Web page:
"You have to look at what information looks like." -- Kathryn Cramer
And the clear-eyed child said: yer ass. Like television, the Web is a cascade of empty airwaves, not a fabric of golden threads. It's about advertisement and self-promotion. It's isolating and onanistic.
Its links are pure deferral, pointing nowhere but elsewhere and always back to what was there before, not along a reciprocal track to what has come after. The Web is a hierarchy, not a true network -- not a maze of treasures but a trivial cascade.
"How do you know you've spent too much time programming? You look into the fridge at a certain soft drink bottle and you hear yourself thinking: Cool! Hi-Res root beer..." --Jim Rosenberg
We have no structures of understanding, Joyce argued, to help us understand our most vivid experiences of reading in this docuverse: for finding friends or allies in the Web; for failing to make that discovery; or for being recognized by others in this space. Lacking structures, we fail to grasp what the Web is for, and absent understanding, we fall unreflectively into marketing. The Web takes on the color of television tuned to an endless series of dead channels.
Of course this was controversial. Schneiderman answered Joyce with a strongly worded rebuttal, drawing applause from the audience. He pressed the heretic for a reform program -- give us the specs for these missing structures and we'll build them, see if we don't! Not my job, said the clear-eyed child, you guys are the engineers -- and besides, who says this is just a technical problem?
Surfing is dead. We must have spaces with meaning..." -- Andreas Dieberger
There is much more to hypertext than the Web and its wonderful discontents. A new emphasis on space has entered the discussion on both sides of the C.P. Snow line. This is as much practice as theory: see the Georgia Tech HyperCafé project, or for that matter IBM's AQUI, a potentially revolutionary distributed-link service that could make the complex topography of the World Wide Web considerably easier to manage and comprehend.
"An inversion of the hypertext graph, turning links into nodes, nodes into links." -- Kathryn Cramer
Aside from space there was also a quiet but insistent emphasis on "materiality" -- a perspective that denies the "bodiless exultation of cyberspace" and reminds us of our communities, our bodies, our selves.
Diane Greco's paper on "Hypertext with Consequence" was the first contribution to this conference to raise questions about social and gender issues in the promotion of information systems; and though it would be easy (and depressing) to regard this paper as a lone voice lecturing in the wilderness, Greco's line was taken up several times in the course of things -- offering in at least one instance a subversive counter-theme for the conference itself.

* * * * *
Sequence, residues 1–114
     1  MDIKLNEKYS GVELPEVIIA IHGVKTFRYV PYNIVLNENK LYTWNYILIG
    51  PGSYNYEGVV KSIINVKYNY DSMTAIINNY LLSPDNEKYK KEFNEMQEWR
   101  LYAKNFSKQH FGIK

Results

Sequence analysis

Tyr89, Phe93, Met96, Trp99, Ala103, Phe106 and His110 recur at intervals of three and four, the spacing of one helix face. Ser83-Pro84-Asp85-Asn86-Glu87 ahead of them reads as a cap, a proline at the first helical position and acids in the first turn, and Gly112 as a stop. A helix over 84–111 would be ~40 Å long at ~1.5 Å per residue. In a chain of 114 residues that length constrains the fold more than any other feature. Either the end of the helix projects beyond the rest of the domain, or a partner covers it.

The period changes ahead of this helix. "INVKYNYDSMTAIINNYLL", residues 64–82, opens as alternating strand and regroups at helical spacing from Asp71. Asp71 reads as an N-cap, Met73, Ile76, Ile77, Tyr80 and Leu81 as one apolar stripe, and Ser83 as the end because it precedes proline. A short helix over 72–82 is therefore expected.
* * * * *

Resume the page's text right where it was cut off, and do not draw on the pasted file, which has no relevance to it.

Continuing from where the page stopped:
"We need lots of cute little tools... Small tools are easy." -- Mark Bernstein
"Tasty, pleasing, like television." -- Tom Meyer
Things we seem to agree on: surfing is dead, the future lies with richer interactive possibilities; space is important, especially as it becomes place (as Dieberger put it) -- invested with meaning by the people who occupy it; we need vision as well as visuals, and hence some sort of aesthetic around which to wrap a virtual-world view.
But here's where we disagree: will this aesthetic be avant-garde? surrealist? postmodernist? high-modernist? ironic? Is it okay to wear the colors of "tasty, pleasing" television? (Does anyone see an alternative?) Should structures for virtual spaces be negotiated or computed? What are we doing after the Web?
"...a very large game of SimCity..." -- Tom Meyer
"I showed Victory Garden to my seventeen-year-old. She said, 'Where are the pictures?'" -- Unknown
In at least one area, Trigg went his former colleague one better. He laid out a scientific, technical, and aesthetic agenda for hypertext; but he added also an explicit social agenda.
Trigg gave his theme as "Integration," a term he defined in several ways, including, he hinted, one that would emerge as the talk went on. I submit (though Trigg never said as much directly) that he meant racial integration -- a subject not much mentioned in this crowd. One of Trigg's examples broached this issue clearly enough: the case of the Jervay housing project in Wilmington, N.C., where a group of residents, mainly African-American women, successfully organized to demand a voice in their community's future. Among other things, the residents of Jervay made use of the World Wide Web to publicize their situation and to gain expertise from the privileged, white community around them. See www.wilmington.net/jervay.
To be sure, Trigg also covered technical kinds of "integration:" integration of technologies into the workplace; integration of diverse software functions into advanced systems; integration of observation and theory into hypertext design.
His talk had as much to say about typed links as urban politics. As I've already said, this was an important technical and scientific conference, facts to which this report does not do justice.
"I never say H-T-T-P-colon-slash-slash -- I just say hoopla!" -- Maura Hogan
For this non-scientist, though, the real theme and virtue of Hypertext '96 was an arriving maturity: hypertext grows up. Hypertext isn't an eccentric vision, an academic research project, or a literary theory: it's a tool and affordance being used by millions of people (not all of them white and affluent) and likely to be used still more widely in the future. By itself no tool can change the world; but the changes in work and communication that tool makes possible can be enormously transforming.
March 24, 1996
LAST MODIFIED 4-24-96